Masks using combination materials, especially absorption of activated carbon, showed a high ability compared to others, namely, being able to filter and absorb highly, so that toxic gas pollutants escaped very small, namely, COx 2%, NOx 0.3%, and SOx by 0.7%. Masks or PPE made from activated carbon and spunbond and meltblown are very meaningful filtering (filtering) and absorbing toxic gas material inhaled compared to other types of markers, namely, COx, SOx, and NOx (p <0.05). Masks other than spunbond and meltblown filter and absorb dust, bacteria, and particulates in the form of other harmful metals; this combination mask is made from activated carbon. Activated carbon is used in the form of a granule. Activated carbon absorbs gases that cannot be absorbed or filtered with ordinary masks or surgical masks and N95% masks. Use of activated carbon as a filter or absorbent to absorb gases including CO2 .
The ability of activated carbon to absorb COx, NOx, and SOx gas content is because the activated carbon has a relatively large volume of micropore and mesopore so that it has a large surface area . Activated carbon is one type of absorbent where the structure of the carbon atom is a structure of amorphous carbon atoms, which are mostly composed of free carbon and have an inner surface, so that it has good absorption capacity. Coconut shell activated carbon around 50 mesh (0.297mm) has several active ingredients such as Fe 0.0353 mg, Zn 0.353, and Mn 0.0205 mg. Thus it is very possible be able to absorb harmful absorbed, namely, air poisonous gases such as COx, NOx, and SOx in sufficient quantities .
5. Conclusions and Recommendations
There is a number of effective mask combinations for activated carbon, spunbond, and meltblown in filtering toxic gases COx, SOx, and NOx (p <0.05). For this reason, clean prevention of gases can be overcome with gases which are active, bound, and melted.
The data used to support the findings of this study are included with in the article.
Conflicts of Interest
The authors declare that they have no conflicts of interest.
The authors thank the Head of Health Ministry’s Human Resources Development and Empowerment Agency of the Republic of Indonesia and Director of Poltekkes Kemenkes Pontianak who have provided support. Thanks are also conveyed to the Head of the Integrated Laboratory of Poltekkes Kemenkes Pontianak, the Health Laboratory Provincial West Kalimantan, who has assisted in examining research parameters and technicians and field laboratory staff. This research was funded by Poltekkes Kemenkes Pontianak and Development, Education and Human Resources Agency of the Republic of Indonesia.
S. Kashima, T. Yorifuji, T. Tsuda, J. Ibrahim, and H. Doi, “Effects of traffic-related outdoor air pollution on respiratory illness and mortality in children, taking into account indoor air pollution, in Indonesia,” Journal of Occupational and Environmental Medicine, vol. 52, no. 3, pp. 340–345, 2010.View at: Publisher Site | Google Scholar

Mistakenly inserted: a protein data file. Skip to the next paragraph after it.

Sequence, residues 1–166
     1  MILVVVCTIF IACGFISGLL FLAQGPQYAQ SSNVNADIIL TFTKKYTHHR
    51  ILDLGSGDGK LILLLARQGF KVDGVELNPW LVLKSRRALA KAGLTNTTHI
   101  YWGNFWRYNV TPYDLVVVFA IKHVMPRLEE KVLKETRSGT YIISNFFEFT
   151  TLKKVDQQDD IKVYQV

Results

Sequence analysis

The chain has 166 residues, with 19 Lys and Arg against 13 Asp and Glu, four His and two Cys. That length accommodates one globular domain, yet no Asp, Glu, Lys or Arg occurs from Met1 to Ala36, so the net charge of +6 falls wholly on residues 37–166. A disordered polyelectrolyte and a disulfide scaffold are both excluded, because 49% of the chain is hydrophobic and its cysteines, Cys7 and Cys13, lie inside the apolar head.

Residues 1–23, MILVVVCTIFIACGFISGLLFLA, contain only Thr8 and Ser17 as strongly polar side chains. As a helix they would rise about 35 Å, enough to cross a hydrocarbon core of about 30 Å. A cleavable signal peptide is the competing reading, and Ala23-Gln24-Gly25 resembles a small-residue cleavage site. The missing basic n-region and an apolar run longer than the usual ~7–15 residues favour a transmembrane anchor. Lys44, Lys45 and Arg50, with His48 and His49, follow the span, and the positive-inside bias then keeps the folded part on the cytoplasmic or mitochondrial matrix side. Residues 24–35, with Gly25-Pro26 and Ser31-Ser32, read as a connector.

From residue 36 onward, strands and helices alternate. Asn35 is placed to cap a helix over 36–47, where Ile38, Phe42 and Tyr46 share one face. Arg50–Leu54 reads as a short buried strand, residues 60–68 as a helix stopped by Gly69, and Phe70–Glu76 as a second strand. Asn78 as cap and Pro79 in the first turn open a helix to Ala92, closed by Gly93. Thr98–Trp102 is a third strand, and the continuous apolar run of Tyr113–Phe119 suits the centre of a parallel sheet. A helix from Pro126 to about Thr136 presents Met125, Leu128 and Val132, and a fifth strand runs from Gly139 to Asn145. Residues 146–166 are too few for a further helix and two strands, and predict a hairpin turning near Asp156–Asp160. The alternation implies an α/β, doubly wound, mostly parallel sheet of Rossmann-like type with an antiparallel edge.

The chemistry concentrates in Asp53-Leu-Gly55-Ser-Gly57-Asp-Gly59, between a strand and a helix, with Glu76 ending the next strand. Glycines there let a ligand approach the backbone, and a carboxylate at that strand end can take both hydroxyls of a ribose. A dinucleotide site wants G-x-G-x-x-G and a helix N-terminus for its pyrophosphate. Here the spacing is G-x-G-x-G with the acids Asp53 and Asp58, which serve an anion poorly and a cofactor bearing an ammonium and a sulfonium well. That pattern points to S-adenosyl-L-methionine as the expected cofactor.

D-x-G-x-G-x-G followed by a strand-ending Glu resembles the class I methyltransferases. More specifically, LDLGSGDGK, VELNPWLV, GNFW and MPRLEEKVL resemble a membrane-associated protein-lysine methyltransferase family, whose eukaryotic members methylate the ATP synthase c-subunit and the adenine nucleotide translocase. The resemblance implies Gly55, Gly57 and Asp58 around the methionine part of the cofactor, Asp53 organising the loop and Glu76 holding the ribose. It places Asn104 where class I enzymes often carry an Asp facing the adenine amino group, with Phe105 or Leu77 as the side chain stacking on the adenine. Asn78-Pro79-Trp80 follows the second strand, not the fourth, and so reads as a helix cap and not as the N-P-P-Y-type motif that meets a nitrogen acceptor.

D. Moore, R. Copes, R. Fisk, R. Joy, K. Chan, and M. Brauer, “Population health effects of air quality changes due to forest fires in British Columbia in 2003: Estimates from physician-visit billing data,” Canadian Journal of Public Health, vol. 97, no. 2, pp. 105–108, 2006.View at: Google Scholar
L. Luo, Y. Zhang, J. Jiang et al., “Short-term effects of ambient air pollution on hospitalization for respiratory disease in taiyuan, China: a time-series analysis,” International Journal of Environmental Research and Public Health, vol. 15, no. 10, article 2160, 2018.View at: Publisher Site | Google Scholar
A. Bałazy, M. Toivola, A. Adhikari, S. K. Sivasubramani, T. Reponen, and S. A. Grinshpun, “Do N95 respirators provide 95% protection level against airborne viruses, and how adequate are surgical masks?” American Journal of Infection Control, vol. 34, no. 2, pp. 51–57, 2006.View at: Publisher Site | Google Scholar
P. Taylor, S. A. Grinshpun, H. Haruta et al., “Respirator and a Surgical Mask During Human Breathing : Two Pathways for Particle Penetration Performance of an N95 Filtering Facepiece Particulate Respirator and a Surgical Mask During Human Breathing,” pp. 37–41, 2009.View at: Google Scholar
P. Taylor, P. M. Coss, and C. Y. Cha, “Microwave Regeneration of Activated Carbon Used for Removal of Solvents from Vented Air,” pp. 37–41, 2011.View at: Google Scholar
H. Lawin, L. A. Fanou, A. V. Hinson et al., “Health risks associated with occupational exposure to ambient air pollution in commercial drivers: a systematic review,” International Journal of Environmental Research and Public Health, vol. 15, no. 9, 2018.View at: Google Scholar
O.-J. Kim, S.-Y. Kim, and H. Kim, “Association between long-term exposure to particulate matter air pollution and mortality in a South Korean national cohort: comparison across different exposure assessment approaches,” International Journal of Environmental Research and Public Health, vol. 14, no. 10, 2017.View at: Google Scholar
D. Atrie and A. Worster, “Surgical mask versus N95 respirator for preventing influenza among health care workers: a randomized trial,” Canadian Journal of Emergency Medicine, vol. 14, no. 1, pp. 50–52, 2012.View at: Google Scholar
K. Setiawan and S. A. Jauhari, “Activated carbon adsorption effectiveness in coconut shell lowers carbon monoxide indoor air,” Journal of Environment and Earth Science, vol. 5, no. 22, pp. 61–69, 2015.View at: Google Scholar